At many school districts in King County, more than 50 percent of students speak a language other than English at home. Serving and communicating with parents who have limited English proficiency should not be a new thing for schools. And yet, many parents are left wondering why it is so difficult for schools to engage diverse families of children with special needs. Is it because the schools lack knowledge of the best family engagement practices? Or because schools do not value special-needs students from other cultures? Or are schools simply unwilling to make needed changes to correct their own cultural bias and the institutional racism against this target population?

The answers are multi-faceted and not easy to answer. The challenges from schools to engage these diverse families are no less than what these families encounter when trying to interact with schools.

Across the system, schools generally lack the language and cultural capacity to engage these families meaningfully. School-hired interpreters are often not trained properly, are not familiar with special education, or speak different dialects than the family. Some families are also told to bring their own interpreters or have their children to interpret for them. In addition to verbal communication challenges, written information has been primarily printed in English or posted on school websites only. All of these obstacles can prevent meaningful communication between families and schools.

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Comments | More in Guest opinion, Opinion | Topics: Ginger Kwan, Open Doors, special education

August 28, 2014 at 4:37 PM

Guest: Educators must do more to reach young men of color

Amy Saxton

Amy Saxton

It’s my first time at the New Schools Venture Fund conference, and I’m excited to exchange ideas with entrepreneurs, educators and policymakers. The day will be brimming with innovative approaches to transforming public education for underserved students. But what strikes me first is that, for once, my reflexive search of the room for brown and black faces comes up full.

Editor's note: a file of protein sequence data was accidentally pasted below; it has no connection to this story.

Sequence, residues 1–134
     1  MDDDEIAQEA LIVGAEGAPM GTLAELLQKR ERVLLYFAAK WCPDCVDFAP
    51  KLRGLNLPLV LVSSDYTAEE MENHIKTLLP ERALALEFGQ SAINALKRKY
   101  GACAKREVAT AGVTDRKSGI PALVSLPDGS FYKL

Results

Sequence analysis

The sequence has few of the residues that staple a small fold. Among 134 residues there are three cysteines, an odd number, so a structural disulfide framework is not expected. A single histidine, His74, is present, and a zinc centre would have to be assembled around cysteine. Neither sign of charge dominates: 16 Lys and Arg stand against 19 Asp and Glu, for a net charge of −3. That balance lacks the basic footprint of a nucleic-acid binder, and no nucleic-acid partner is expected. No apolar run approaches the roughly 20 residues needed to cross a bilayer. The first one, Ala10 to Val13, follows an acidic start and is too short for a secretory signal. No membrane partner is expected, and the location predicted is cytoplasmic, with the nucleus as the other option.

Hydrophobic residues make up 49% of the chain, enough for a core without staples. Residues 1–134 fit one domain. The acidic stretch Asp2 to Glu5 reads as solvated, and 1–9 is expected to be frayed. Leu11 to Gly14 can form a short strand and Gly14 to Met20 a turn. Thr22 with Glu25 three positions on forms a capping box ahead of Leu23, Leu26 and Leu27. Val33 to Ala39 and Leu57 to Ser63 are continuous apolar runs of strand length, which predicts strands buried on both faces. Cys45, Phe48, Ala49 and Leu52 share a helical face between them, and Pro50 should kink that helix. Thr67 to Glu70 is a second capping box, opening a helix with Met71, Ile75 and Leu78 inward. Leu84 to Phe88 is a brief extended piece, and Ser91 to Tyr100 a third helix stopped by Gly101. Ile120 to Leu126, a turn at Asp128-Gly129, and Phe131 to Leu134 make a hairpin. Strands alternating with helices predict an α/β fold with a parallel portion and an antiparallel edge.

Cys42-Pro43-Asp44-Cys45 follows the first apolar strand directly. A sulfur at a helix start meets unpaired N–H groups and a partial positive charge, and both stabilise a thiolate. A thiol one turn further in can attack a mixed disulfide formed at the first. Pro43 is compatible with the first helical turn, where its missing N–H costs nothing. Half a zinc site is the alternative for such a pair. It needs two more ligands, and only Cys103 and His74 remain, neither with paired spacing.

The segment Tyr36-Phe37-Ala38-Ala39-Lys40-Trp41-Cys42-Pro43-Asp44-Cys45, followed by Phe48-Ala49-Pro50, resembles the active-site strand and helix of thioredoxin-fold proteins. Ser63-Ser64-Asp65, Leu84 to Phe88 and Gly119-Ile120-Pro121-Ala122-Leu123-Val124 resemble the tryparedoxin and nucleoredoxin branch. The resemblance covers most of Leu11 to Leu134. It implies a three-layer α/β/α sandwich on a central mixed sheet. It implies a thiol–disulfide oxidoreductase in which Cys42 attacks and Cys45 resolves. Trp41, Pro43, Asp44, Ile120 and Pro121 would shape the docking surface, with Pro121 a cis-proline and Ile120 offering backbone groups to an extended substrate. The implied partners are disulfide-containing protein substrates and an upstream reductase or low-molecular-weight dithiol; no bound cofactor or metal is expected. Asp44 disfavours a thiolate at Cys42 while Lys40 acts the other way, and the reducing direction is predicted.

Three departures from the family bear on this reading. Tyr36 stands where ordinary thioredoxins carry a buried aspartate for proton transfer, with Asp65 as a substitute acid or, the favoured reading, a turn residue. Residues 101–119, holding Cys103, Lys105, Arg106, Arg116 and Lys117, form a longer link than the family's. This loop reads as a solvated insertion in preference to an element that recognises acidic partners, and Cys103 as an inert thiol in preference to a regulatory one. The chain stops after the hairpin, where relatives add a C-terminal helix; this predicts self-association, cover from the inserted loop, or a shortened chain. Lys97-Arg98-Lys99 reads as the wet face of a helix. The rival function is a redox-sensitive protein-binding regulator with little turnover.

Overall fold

The conference won’t necessarily be better or worse, the discussions more or less fruitful, but that simple moment of recognition, the feeling of an invisible but meaningful weight lifted off of my shoulders — that I don’t have to represent, and I can, just a little more than usual, simply be— gives me a powerful moment of connection with a subject never far from our minds at Summer Search: reaching and serving more young men of color.

Despite our best efforts, Summer Search, a national non-profit focused on creating opportunity for low-income and underserved students, has enrolled only three males of color out of every 10 students. Over the last two years, we have focused on recruiting and retaining more of these young men through pilot programs and innovative strategies, but it remains an uphill battle.

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Comments | More in Guest opinion, Opinion | Topics: Amy Saxton, Summer Search

August 8, 2014 at 3:29 PM

Guest: 7 ways to help kids with summer reading

The Shaw Island library has a cozy reading section for children. Photo by Ken Lambert / The Seattle Times 2012.

The Shaw Island library has a cozy reading section for children. Photo by Ken Lambert / The Seattle Times 2012.

Summer is a perfect time to start a new habit in your home: reading together. Here are a few simple tips that can help parents support their young readers as they are learning, and then practicing, how to read. It is never too young to start. Even toddlers can benefit from these ideas.

1. Let them shine

Watch eyes light up when she or he corrects you! Pretend to not know a word. Mispronounce a word. Look to the child for the answer.

2. Take turns.

Take turns reading pages. “I will read one page to you, then you read one to me!” Books like Mo Willems’ “Elephant and Piggie” series are great to get started with.

3. Point to words

Point to the words as you read to your child. Use your finger to help the child keep pace. This can even help toddlers learn basic words. As she or he is sounding out a word, use two fingers to keep the child’s eye on the part of the word being pronounced.

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Comments | More in Guest opinion, Opinion | Topics: reading, summer learning loss